John Bandringa, Intermec's director of corporate design, demonstrates the company's futuristic "Forklift of the Future," which utilizes radio frequency identification technology and mobile computers.
..."They're not just talking to us or interested in it because it looks neat, but because they see the competitive advantage," said John Bandringa, Intermec's director of corporate design and team leader on the forklift project.
"I've done other projects, but this is the most exciting," Bandringa
said.While inventory and data collection technology is becoming well established in many warehouses, it's usually added on to forklifts as an afterthought.The Forklift of the Future design team's goal was to integrate the technology in ways that customers wanted.To do that, Intermec sent its designers out of the office, Bandringa said.
"It's really important to listen to the voice of the customer.We didn't just listen to the warehouse manager, we listened to the information technology manager, the forklift driver ... all of whom had different perspectives," he
After extensively surveying customers, Bandringa's
team created hundreds of concepts, designs and foam models.In addition to figuring out what data collection devices to add to the forklift, the team focused on making all the technology as durable as possible.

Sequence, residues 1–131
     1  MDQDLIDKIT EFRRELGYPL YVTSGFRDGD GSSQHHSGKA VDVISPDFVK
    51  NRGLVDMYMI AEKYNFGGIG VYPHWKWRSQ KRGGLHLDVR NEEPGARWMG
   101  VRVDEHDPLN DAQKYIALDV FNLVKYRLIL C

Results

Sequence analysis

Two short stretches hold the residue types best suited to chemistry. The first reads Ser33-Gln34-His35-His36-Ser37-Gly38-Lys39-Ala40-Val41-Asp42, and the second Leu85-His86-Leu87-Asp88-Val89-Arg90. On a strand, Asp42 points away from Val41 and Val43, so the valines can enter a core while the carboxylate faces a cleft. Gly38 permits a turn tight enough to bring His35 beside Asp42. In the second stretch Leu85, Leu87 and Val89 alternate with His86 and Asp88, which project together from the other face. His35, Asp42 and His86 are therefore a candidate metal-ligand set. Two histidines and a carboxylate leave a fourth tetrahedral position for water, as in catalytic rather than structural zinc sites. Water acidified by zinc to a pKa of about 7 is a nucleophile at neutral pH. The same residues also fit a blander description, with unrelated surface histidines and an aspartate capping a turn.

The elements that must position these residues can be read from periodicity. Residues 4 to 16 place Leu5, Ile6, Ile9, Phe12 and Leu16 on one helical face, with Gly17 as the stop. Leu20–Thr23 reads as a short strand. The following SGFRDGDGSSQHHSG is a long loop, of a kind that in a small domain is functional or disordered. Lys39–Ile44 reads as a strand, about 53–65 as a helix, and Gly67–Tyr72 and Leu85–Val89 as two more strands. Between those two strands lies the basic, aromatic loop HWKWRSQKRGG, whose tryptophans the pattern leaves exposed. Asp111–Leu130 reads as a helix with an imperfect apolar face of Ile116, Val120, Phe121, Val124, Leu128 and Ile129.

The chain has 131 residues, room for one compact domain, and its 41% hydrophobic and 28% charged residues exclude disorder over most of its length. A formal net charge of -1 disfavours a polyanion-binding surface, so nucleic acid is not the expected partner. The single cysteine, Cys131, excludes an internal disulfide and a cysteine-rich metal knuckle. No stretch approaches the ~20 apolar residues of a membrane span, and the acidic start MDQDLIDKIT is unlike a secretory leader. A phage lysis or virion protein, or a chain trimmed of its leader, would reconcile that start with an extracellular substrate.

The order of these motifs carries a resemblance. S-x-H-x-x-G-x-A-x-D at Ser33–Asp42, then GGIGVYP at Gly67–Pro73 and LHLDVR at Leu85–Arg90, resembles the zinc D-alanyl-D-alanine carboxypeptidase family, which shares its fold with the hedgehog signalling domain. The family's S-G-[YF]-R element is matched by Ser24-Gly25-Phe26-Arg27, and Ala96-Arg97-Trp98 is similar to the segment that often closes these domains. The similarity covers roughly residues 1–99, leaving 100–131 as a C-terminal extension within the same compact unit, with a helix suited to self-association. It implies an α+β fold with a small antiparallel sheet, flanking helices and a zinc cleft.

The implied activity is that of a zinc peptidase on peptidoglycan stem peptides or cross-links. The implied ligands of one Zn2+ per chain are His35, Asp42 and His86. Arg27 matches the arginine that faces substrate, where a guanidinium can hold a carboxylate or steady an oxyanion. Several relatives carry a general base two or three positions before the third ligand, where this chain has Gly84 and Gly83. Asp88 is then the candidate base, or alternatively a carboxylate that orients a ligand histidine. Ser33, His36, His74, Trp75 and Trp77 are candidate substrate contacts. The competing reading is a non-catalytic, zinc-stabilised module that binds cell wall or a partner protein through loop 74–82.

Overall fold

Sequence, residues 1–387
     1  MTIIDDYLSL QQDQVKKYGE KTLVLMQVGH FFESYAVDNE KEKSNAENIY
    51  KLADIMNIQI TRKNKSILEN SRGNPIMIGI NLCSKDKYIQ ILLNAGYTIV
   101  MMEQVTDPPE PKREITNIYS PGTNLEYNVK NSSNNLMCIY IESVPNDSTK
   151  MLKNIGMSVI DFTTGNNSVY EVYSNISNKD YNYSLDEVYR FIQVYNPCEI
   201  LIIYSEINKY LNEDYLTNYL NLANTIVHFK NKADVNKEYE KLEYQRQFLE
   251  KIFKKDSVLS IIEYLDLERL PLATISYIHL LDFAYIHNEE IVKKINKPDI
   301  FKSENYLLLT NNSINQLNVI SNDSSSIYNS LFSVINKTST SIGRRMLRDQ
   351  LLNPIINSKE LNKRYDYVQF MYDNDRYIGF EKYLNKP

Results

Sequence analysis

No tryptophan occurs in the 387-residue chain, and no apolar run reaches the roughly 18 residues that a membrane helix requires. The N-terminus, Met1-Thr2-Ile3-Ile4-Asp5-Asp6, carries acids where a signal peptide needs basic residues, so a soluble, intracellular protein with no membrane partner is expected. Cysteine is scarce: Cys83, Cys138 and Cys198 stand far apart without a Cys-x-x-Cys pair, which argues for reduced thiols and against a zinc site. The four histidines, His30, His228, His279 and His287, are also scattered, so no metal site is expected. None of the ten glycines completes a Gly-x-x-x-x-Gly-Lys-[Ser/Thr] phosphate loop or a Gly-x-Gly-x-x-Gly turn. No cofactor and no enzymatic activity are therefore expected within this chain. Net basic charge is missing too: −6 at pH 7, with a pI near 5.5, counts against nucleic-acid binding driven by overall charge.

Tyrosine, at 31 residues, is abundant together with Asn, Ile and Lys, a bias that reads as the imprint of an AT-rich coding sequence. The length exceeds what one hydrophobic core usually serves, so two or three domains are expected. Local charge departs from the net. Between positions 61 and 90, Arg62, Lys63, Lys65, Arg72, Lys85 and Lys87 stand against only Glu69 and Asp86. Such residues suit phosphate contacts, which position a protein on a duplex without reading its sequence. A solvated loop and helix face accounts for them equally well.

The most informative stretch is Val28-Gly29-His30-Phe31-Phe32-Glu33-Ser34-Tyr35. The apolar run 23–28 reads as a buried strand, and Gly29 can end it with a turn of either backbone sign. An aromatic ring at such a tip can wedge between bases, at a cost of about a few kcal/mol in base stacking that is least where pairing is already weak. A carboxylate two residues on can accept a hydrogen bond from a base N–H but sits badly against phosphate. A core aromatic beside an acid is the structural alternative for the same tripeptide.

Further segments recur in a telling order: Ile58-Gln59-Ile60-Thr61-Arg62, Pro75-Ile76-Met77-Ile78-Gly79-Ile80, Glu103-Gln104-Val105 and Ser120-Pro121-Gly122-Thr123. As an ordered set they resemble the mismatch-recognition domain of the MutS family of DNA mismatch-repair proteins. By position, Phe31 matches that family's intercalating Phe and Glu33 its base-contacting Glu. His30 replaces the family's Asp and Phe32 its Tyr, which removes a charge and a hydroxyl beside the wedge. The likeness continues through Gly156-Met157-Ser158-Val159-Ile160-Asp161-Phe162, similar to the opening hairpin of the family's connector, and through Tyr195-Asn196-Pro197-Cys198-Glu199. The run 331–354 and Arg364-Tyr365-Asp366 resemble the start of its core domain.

"Anything that you put on the forklift has to be at least equal to or more durable than the forklift itself," he
team put much thought, for example, into cable managers - coverings to both organize and protect the crucial wires connecting the forklift's on-board computer, control grip and radio frequency-identification equipment.It turns out cables are prone to wear out fast in the not-so-delicate warehouse environment.The computer itself, an Intermec CV-60, is covered in magnesium.
The placement of the onboard Intermec computer in the steering column also came after considerable thought, Bandringa
doesn't deny the feature-filled forklift was a fun diversion from more everyday design tasks.
"Personally, this is the most integrated and complex system I've worked on ... but this is also the most exciting," he